Whether you call them “flavored,” “scented,” “crafted,” or just plain “modified,” these teas offer you something extra. For almost as long as man has been drinking tea, he has been adding that additional touch. Some of these have come about by accident, but many are the result of dedicated tea professionals trying different combinations to entice your tastebuds.
Teas with Flavors Added
Fruits, herbs, and spices are all commonly-used flavorings. Lemon is a popular fruit to add to tea, whether hot or cold. Teas that are “pre-lemoned” are readily available, too. Some use lemon juice and others contain zest (finely grated rind). Apples, blueberries, cranberries, apricots, cherries, peaches, oranges, coconut, guavas, lichees, raspberries, and blackcurrants are just some of the other fruits used. Some tea vendors use oils with these flavorings in them while other vendors use actual pieces of fruits. As for herbs and spices, there’s mint, cinnamon, ginger, cardamom, cumin, vanilla, and cloves, to name a few. Let’s not forget caramel and chocolate, too!
Teas with Scents Added
Scented teas are usually florals. Jasmine teas have been around for centuries and are usually green teas. Lavender is also quite popular, both as a tisane and added to teas. French Blend contains both. Then, there is the smoky flavoring of Lapsang Souchong that comes from how the tea leaves are dried. Oil of bergamot is the secret to the scent of Earl Grey teas. While it comes from a fruit (bergamot is a type of citrus), it is so aromatic that it is more of a scent than a flavoring. Which reminds me that since taste and smell are so closely aligned, it hardly makes sense to divide flavored from scented teas.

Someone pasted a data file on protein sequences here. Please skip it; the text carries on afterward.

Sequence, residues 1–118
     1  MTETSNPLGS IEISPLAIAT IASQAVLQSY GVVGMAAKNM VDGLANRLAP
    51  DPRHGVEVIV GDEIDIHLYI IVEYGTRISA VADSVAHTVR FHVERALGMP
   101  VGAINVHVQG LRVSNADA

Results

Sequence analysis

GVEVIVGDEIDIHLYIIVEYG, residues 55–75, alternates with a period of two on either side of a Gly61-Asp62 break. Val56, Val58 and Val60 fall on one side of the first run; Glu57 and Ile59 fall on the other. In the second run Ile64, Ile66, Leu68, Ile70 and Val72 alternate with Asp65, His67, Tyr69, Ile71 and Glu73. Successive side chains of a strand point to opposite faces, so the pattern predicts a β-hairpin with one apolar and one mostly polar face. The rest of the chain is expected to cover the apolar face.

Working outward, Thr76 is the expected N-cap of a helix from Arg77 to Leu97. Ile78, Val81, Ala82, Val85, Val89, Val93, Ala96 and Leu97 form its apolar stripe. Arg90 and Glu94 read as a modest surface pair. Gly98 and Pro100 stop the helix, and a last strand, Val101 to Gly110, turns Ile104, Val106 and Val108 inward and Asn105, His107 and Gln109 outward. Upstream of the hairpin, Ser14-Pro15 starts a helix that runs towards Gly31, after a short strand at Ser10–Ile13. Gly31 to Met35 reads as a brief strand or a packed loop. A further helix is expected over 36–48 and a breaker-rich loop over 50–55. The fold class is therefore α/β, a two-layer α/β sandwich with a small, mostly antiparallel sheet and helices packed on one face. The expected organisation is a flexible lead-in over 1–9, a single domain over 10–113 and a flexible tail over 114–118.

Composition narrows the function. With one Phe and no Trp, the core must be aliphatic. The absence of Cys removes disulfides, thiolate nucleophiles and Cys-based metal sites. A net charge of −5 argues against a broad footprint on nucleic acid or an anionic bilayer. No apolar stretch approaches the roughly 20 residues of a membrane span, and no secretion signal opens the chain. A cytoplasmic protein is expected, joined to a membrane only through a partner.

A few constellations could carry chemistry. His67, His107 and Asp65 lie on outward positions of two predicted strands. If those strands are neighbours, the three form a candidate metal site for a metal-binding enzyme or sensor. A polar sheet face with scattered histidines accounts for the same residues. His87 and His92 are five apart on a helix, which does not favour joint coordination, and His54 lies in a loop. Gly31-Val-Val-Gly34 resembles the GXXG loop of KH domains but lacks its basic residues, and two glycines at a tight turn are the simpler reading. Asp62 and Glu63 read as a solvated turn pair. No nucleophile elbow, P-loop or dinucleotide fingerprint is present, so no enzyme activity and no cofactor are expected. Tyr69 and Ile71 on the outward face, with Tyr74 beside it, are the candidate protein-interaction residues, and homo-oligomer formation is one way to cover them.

The kind of teas I’ve usually seen in this category are blooming teas. Nimble-fingered and well-trained tea workers take tea leaves and “sew” them together with flower petals into a ball or mushroom shape. These are show teas that are best steeped in glass teapots so you can watch the changing display. White, green, and even oolong teas are used, and jasmine, chrysanthemum, hibiscus, lavender, osmanthus, and lily are some of the flowers used.
In a broad sense, all of the above count as modified teas. Come to think of it, “modified” can apply to all teas, since they are modified by being harvested, withered, dried, oxidized, fermented, steamed, baked, pressed into cakes, etc. In the narrower sense, though, “modified” usually refers to teas that are compressed, ground, or made into extract granules. Pu-erhs are certainly in this category, since the majority of them are pressed into large cakes, tuo-chas (small cakes that look like tiny bird nests), etc. (loose pu-erhs are becoming more popular, however, since they can be bought by the pouch or tin in smaller quantities than those large cakes). Then, there’s matcha which is ground to a fine powder. And don’t forget the abundance of bottled teas.
Are your eyeballs spinning yet? Sorry, but the world of tea is rife with complexity. Just have a nice cuppa tea and maybe a bit of fresh fruit to get your senses straight again!
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